NATURAL LAWS AND LONGEVITY
Why is it that with all our technical advances, with our unparalleled capacity to learn and store knowledge, with the coming of reengineering, balanced scorecards and Quality management—why is it with all this going for us we are unable to build organizations that can hold up over time? One wonders if any system can survive more than a few decades…
Interestingly enough, the most enduring systems are found in nature. The oldest life forms on this planet are California’s redwood trees. Ecosystems of mountains, forests, streams, meadows, insects, and animals are amazingly resilient. These systems can survive physical calamities, destructive weather patterns and other major environmental shifts and endure for centuries unless humans intervene and attempt to “civilize” them. What these natural systems have in common with your organization is that they are both living systems, meaning some of their key elements are living, breathing entities. A review of the natural laws that govern the survival of living systems offers profound wisdom for understanding organizational longevity.
Let me take a moment to elaborate on the concept of natural law. A natural law expresses a universal truth that governs the makeup of something or some dynamic process. An example from the world of physics is the natural law of gravity. Jump off a cliff and you will fall to the ground below. Natural laws are not subject to our desires or beliefs; we are always subject to their rules. In other words, natural laws govern our interactions whether or not we are aware of them, agree with them, or follow them. We must align ourselves with these laws to arrive—and remain—in a desirable place.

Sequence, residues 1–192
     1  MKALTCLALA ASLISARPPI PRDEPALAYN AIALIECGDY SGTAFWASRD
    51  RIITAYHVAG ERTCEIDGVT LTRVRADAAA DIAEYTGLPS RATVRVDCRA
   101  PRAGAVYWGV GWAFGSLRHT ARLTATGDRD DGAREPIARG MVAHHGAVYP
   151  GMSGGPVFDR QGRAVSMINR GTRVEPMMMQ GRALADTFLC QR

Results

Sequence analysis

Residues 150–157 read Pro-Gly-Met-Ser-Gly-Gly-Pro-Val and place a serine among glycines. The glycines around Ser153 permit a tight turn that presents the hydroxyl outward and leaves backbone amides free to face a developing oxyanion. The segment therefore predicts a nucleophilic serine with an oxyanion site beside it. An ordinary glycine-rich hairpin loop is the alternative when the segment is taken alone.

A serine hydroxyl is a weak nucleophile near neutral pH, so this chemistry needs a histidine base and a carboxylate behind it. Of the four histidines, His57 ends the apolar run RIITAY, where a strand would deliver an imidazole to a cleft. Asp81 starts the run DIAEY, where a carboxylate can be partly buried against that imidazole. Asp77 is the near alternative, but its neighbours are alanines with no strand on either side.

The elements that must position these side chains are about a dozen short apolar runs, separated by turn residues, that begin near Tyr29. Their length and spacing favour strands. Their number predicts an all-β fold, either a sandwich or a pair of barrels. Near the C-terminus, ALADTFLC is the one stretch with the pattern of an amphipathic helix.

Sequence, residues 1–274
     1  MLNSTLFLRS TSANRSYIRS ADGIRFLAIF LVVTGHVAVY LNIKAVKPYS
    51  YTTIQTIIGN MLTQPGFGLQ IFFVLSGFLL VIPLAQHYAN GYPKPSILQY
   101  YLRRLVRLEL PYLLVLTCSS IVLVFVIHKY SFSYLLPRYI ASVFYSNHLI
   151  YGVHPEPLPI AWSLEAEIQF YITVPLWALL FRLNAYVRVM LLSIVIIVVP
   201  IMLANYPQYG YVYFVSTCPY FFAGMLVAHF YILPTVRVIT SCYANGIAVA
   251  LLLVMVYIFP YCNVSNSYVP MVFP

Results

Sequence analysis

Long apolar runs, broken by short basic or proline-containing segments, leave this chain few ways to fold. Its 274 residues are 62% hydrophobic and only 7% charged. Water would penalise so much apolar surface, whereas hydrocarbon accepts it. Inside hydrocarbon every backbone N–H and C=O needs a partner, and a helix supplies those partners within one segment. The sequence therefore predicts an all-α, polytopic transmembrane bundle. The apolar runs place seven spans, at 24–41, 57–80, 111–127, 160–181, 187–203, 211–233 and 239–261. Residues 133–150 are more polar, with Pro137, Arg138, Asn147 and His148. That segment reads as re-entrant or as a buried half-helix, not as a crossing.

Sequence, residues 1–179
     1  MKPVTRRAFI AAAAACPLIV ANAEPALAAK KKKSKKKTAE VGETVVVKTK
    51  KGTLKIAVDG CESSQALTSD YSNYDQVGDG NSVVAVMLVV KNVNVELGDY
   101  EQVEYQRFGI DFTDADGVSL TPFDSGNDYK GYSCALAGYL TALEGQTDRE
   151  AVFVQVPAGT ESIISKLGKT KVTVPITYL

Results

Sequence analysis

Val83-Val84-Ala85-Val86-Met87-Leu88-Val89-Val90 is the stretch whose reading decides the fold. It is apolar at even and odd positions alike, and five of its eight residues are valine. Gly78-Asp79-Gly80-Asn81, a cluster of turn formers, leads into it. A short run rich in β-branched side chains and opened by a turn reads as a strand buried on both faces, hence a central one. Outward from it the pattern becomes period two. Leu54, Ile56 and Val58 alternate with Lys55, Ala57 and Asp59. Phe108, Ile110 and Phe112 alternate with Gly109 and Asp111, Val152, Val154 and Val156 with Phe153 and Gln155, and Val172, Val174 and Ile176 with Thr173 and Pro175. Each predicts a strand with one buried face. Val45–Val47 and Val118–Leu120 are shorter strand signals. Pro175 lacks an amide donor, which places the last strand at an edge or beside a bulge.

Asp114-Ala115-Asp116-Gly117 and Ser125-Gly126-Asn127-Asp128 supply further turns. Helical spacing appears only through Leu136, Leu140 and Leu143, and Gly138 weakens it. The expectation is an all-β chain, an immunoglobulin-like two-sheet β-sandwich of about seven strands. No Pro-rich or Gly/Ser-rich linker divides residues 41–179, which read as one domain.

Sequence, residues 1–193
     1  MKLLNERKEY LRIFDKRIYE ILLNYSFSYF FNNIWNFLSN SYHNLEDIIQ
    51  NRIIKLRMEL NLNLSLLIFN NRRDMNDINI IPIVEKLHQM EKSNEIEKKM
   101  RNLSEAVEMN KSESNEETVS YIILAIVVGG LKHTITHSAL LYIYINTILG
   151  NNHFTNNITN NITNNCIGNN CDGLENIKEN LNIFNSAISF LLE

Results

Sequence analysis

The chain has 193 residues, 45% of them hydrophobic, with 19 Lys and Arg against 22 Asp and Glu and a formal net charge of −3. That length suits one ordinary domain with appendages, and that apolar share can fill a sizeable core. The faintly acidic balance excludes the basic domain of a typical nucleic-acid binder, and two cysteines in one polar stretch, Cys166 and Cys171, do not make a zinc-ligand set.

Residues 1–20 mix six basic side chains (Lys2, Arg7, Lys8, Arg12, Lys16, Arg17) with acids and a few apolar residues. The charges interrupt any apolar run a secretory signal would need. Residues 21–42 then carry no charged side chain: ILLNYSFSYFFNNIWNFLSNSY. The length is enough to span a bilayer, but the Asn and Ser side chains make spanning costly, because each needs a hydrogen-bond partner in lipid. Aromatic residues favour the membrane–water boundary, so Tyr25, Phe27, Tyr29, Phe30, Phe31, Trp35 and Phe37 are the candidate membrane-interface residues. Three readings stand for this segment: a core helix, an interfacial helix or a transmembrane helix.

But how do you know if something is truly a natural law, or merely someone’s value or preference? A practical way to determine the difference is to look at the universality and timelessness of the value. If the value leads to success in a wide variety of circumstances, in diverse cultures, in all ages, then it qualifies as a natural law. Values, on the other hand, may serve us well in specific situations, but won’t be successful in others.
A review of the characteristics and attributes of living systems can help us identify natural laws that also apply to organizations. Because the following seven characteristics are always present in living systems that survive over time, I believe they also qualify as natural laws:
1. Ecological order—each element of the ecosystem must fit into the order of things. Living systems are all part of a larger network of elements. They either fit into this ecosystem in a way that maintains balance of the greater whole, or they perish.
2. Purpose—everything else is subordinated to the highest purpose—survival for self, group and species. Natural instincts lead to self-preservation, the law of the pack, and preservation of the species. Failure to be concerned with anything beyond self ultimately leads to ecological imbalance and death.
3. Steady state—survival is maintained via steady processes that follow a proven, functional routine. The steady state is a pattern of habits that assures daily survival and stores energy for meeting critical challenges. Without a steady state, the system uses more energy than it can obtain from the environment.
4. Mobilization—threats to survival and the steady state are sensed and met. The dynamic of mobilization is a two-edged sword. It certainly protects the steady state. On the other hand, it can actually attack a force that would cause constructive change to occur.